considerable progress we were making in building consensus among UNSC
Mr Cook's colleague, Clare Short, the international development
secretary, last week threatened to quit the government if an attack on
Iraq took place without a second UN resolution.
However, Ms Short - at present - appears to still be in the government.
Mr Cook's position as leader of the Commons, where he has done much to
modernise MPs working hours while losing the battle for a more democratic
upper chamber, can be easily filled - most probably by the current chief
whip, Hilary Armstrong. However, the political significance lies in Mr
Cook's five years as Mr Blair's first foreign secretary, the post now
occupied by Jack Straw.
A PPS to Margaret Beckett, Andy Reed, has already quit over Iraq, and Mr
Blair has survived a rebellion by 122 Labour backbenchers, all of whom
voted for a motion saying the case for war on Iraq was "not proven".
Although the Conservative frontbench has pledged its support for the
prime minister's position of allying Britain to a US-led attack on Iraq,
several high-profile backbench Tories have come out against military
action, including former chancellor Kenneth Clarke.
A Conservative junior whip, John Randall, has also resigned his post in
Mr Cook's Commons deputy Ben Bradshaw was seen going into Downing Street
before the cabinet meeting and speculation was that he will be asked to
make a brief business statement to MPs outlining the timetable now the
peace process with Iraq has been abandoned and war could begin.
Mr Cook's decision to quit the cabinet will cost him almost £70,000 a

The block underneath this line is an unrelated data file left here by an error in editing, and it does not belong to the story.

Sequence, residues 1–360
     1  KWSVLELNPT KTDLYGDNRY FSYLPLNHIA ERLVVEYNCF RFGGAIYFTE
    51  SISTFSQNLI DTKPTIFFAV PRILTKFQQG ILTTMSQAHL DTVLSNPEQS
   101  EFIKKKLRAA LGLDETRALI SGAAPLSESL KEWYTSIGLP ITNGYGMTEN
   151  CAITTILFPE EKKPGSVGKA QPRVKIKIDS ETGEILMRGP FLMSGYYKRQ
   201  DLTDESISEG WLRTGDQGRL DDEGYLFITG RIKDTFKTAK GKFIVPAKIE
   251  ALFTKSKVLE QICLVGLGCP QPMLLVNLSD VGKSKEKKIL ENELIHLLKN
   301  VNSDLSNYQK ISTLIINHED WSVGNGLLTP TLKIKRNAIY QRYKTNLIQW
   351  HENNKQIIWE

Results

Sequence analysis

year in lost pay.
As Leader of the House of Commons he was entitled to a salary of
£124,979. As a plain backbench MP, his salary will be £55,118 a year.
The former culture secretary Chris Smith mourned the resignation of Mr
Cook, saying having the former Commons leader on the backbenches left the
Downing Street later announced it would publish in full the letters of
correspondence between the prime minister and Mr Cook.
The shadow foreign secretary, Michael Ancram, said: "While we understand
Robin Cook's reasons for resigning, disunity within the cabinet is a
matter of concern at this time.
"We hope the prime minister will take further steps to ensure that his
cabinet speaks with one voice."
The Liberal Democrats' foreign affairs spokesman, Menzies Campbell, said:
"It was always likely that Robin Cook, who sought to introduce an ethical
dimension into foreign policy, would find the ambiguity of the
government's position too much to tolerate."
Paul Tyler, who speaks on House of Commons affairs for the Liberal
Democrats, added: "The government has lost its most effective Commons
performer. His leadership of the Commons gained him an unrivalled
reputation amongst fellow members.
"I have no doubt he will be a formidable presence on the backbenches."
A handful of protesters shouting "Blair out" brought Whitehall to a
standstill outside the gates to Downing Street as the cabinet met in
Police blocked off one side of the carriageway as the few protesters
waved placards and blew whistles.